WaterBricks for Gifts

Also, consider giving WaterBricks for Christmas or birthdays to your family members. You can sleep at night knowing your loved ones have water when needed. Please help the elderly fill some containers, they may need that kind of help too. I use Water Preserver in my WaterBricks, I put a 1/2 teaspoon each 3.5-gallon container. Water Preserver lasts 5 years compared to bleach for only six months. I do not want to rotate my water every six months. WaterBricks are awesome because they are stackable and easy to haul if need be. They come with a handle which makes it easy to balance the load with one on each hand. Waterbricks


Flashlights are critical, so be sure to know where they are and have some extra batteries available. I gifted a solar flashlight to one of my granddaughters who went off to college. She is serving a mission right now for her church, proud grandma here, she took it with her! I love it!

If you have flashlights that require batteries be sure and store some and rotate as needed. I prefer solar flashlights like this one:  Goal Zero Flashlight If you watch for the road shows at Costco, Goal Zero has a few displays a couple of times a year and you can buy their products at a discounted price.

Final Word

Thanks again for being prepared for the unexpected and heeding my gentle reminder tips, I thank you and your neighborhood thanks you! Please keep on prepping, we will be ready and we can sleep at night. May God bless this world. Linda

My favorite things:

14 thoughts on “Gentle Reminder To Be Prepared To Survive Disasters

  • March 31, 2019 at 8:09 am

    Please look over your print function and see is something has gone awry. 13 pages aren’t feasible for me.

    • March 31, 2019 at 8:17 am

      Hi Beth, I just printed out today’s post just fine, it has 4 pages. Are you talking about today’s post? I appreciate you letting me know when something isn’t working. Is there another post you are having trouble printing? Linda

  • March 31, 2019 at 8:15 am

    Linda ~
    I love gentle reminders for a lot of things but preparedness not so much. Unfortunately for a lot of people, it will take a real emergency/disaster of some sort to get the idea! And then, it will be too late for gentle reminders and someone needs to YELL at them! For those of us who do prepare, no reminders needed.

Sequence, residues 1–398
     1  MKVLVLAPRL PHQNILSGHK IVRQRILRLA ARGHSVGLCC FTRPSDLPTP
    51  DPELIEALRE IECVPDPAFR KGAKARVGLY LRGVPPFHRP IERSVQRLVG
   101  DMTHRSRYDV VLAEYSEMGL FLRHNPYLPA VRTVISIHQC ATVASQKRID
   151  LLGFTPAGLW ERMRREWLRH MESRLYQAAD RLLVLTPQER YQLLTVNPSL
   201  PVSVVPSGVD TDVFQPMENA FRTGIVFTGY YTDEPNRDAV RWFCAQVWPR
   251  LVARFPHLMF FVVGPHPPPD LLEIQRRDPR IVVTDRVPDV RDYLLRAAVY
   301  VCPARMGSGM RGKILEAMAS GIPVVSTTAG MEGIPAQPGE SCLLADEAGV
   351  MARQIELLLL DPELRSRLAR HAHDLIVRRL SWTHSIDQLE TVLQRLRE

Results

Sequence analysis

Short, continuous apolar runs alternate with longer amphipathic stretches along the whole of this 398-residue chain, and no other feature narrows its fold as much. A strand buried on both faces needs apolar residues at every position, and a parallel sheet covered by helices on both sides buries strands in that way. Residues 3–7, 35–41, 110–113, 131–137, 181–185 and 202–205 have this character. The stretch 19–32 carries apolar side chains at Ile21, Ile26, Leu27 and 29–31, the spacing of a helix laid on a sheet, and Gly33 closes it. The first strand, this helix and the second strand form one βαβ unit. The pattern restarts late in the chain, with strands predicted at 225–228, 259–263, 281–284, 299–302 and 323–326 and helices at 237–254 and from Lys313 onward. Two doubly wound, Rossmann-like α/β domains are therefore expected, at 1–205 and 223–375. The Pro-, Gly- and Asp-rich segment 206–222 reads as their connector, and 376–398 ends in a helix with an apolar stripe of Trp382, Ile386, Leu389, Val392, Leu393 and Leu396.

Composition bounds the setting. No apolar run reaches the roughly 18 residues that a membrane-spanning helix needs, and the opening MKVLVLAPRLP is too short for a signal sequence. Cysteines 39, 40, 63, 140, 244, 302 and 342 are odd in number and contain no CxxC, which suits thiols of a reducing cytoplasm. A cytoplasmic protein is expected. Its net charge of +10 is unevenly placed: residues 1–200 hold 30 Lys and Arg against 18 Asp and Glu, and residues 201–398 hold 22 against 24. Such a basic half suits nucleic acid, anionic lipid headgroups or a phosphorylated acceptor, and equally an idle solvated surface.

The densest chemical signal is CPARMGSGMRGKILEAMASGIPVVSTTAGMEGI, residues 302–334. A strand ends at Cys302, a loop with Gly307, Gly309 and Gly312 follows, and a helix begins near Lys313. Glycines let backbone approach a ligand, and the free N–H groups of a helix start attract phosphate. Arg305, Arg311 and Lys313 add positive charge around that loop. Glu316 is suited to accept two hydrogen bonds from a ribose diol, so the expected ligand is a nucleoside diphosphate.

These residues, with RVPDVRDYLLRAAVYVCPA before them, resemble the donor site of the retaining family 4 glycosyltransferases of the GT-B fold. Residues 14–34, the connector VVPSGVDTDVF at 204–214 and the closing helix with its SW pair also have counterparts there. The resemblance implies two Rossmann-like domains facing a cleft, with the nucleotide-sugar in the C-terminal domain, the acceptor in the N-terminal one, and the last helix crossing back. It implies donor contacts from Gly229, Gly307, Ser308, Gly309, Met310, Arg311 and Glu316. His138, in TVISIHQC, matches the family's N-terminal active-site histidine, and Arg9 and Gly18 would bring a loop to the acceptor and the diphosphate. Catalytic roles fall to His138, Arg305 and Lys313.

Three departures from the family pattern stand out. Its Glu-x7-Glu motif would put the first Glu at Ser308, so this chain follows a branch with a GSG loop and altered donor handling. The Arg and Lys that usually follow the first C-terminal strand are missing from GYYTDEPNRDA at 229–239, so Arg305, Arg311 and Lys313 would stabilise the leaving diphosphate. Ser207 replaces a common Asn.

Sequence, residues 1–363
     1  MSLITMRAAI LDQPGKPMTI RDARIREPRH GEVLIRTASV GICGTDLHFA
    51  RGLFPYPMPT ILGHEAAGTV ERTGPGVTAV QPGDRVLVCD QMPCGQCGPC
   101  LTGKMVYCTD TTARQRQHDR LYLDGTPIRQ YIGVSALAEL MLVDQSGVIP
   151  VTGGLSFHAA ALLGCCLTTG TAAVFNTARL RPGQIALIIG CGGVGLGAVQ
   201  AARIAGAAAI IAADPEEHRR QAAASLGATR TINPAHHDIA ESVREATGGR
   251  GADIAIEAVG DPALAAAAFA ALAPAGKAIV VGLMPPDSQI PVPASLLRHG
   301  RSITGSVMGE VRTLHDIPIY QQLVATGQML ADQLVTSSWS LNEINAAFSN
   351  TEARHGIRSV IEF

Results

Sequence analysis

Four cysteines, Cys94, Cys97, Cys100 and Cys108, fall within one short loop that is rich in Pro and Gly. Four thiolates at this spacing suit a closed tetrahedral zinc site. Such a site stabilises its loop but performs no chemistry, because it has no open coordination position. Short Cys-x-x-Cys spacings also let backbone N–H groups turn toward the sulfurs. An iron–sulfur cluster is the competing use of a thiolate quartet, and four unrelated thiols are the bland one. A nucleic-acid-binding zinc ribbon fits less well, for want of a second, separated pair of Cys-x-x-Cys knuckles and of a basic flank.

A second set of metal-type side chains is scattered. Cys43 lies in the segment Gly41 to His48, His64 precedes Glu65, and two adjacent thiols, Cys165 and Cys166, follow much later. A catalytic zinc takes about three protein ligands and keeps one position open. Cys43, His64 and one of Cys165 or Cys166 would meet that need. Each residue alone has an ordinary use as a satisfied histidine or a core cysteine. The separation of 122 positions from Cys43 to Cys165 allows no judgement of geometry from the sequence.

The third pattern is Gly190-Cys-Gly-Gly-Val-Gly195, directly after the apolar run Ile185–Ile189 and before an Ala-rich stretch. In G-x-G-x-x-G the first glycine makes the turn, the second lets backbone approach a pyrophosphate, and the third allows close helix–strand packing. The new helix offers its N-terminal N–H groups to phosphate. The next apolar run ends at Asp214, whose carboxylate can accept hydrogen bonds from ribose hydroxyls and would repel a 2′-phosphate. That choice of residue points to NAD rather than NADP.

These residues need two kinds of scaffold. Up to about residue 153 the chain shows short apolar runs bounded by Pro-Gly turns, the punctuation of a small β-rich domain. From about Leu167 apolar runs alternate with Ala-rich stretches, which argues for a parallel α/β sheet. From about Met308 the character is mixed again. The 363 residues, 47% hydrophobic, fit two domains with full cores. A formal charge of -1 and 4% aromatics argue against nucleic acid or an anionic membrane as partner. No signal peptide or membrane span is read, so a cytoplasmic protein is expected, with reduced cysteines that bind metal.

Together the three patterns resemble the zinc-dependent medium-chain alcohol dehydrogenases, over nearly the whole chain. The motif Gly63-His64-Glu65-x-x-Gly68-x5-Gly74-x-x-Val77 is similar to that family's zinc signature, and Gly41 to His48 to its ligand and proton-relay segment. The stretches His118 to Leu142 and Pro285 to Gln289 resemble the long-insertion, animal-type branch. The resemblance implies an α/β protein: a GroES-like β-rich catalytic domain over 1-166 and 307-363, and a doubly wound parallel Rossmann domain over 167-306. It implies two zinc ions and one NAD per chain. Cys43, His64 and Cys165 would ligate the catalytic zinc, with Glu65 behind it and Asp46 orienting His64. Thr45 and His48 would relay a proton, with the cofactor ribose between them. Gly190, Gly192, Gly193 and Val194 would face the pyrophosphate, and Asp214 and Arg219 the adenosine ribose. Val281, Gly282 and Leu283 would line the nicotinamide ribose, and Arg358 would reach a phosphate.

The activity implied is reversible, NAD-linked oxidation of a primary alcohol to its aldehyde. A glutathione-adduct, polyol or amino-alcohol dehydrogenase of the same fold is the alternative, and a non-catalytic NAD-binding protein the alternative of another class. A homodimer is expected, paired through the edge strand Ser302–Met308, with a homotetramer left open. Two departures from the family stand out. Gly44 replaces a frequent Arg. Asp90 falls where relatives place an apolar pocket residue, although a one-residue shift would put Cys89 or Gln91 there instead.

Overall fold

I wish Ted Koppel’s book, your book and other disaster related books were required reading!!

    My local county Emergency Management team puts on a “fair” every September. I love going to these “fairs” to see all of the new products that I cannot afford!! I also love that they give out freebies in the way of information, forms and other interesting things. The thing is, though, that I generally only see like minded people at these “fairs”. I don’t see a lot of people just starting to prep. Sad.

    • March 31, 2019 at 9:28 am

      Hi Leanne, it really is too bad some newbies do not go to county Emergency Management fairs in September. It’s a real shame but once they have a wake-up call, they hopefully will get it!! I love your comment YELL at them, I have the giggles! Linda

  • March 31, 2019 at 10:16 am

    Keep your gentle reminders coming, I love them. My daughter laughed at me for odereing two emergency toilets. I told her “some day you will thank me.” Thank you for your commitment to helping us be prepared.

    • March 31, 2019 at 4:34 pm

      Oh Cindy, it’s people like you who keep me going! Thank you so much! I love hearing you bought two emergency toilets!! She will thank you!! Linda

  • March 31, 2019 at 2:57 pm

    Now, Linda, whatever made you think that two feet of snow would stop mail or school buses or whatever? 🙂 Try 12 feet of snow! From the Bangor (ME) Daily News: “Northern Maine ready for spring after 12 feet of snow.” We live in northern Maine, but not that inland and that far north. Some years we have incredible amounts of snow, but not this one, we just had normal amounts of snow this year, which would no doubt seem incredible to you. The mail gets through, the school buses get through, people get to the store, etc. Ambulances are surrounded by a flotilla of pickup trucks with plows, if need be. The towns here, and the state, do an excellent job of plowing the roads. They have to! Big trucks (dump trucks) with big plows clear the roads. Of course, it’s inevitable that they plow walls across peoples’ driveways as they push the snow off the roads; it cannot be helped. Then the householders must shovel or plow the walls away in order to get out of the driveway. But – thankfully – it is not as big a problem as you think it is! You just haven’t experienced it, that’s all.

    • March 31, 2019 at 4:37 pm

      Hi Pat, oh my gosh!!! I can’t imagine 12 feet. In Salt Lake City, Utah we used to get 2-3 feet and we always got the mail, and the stores were open. They never closed the schools either! I’m thinking this reader must have lived where the city or country was not prepared to remove the snow. I remember the snow plows leaving 4 feet of snow in our driveway opening. Man, that was hard to remove. I can’t imagine 12 feet!! Linda

  • March 31, 2019 at 4:06 pm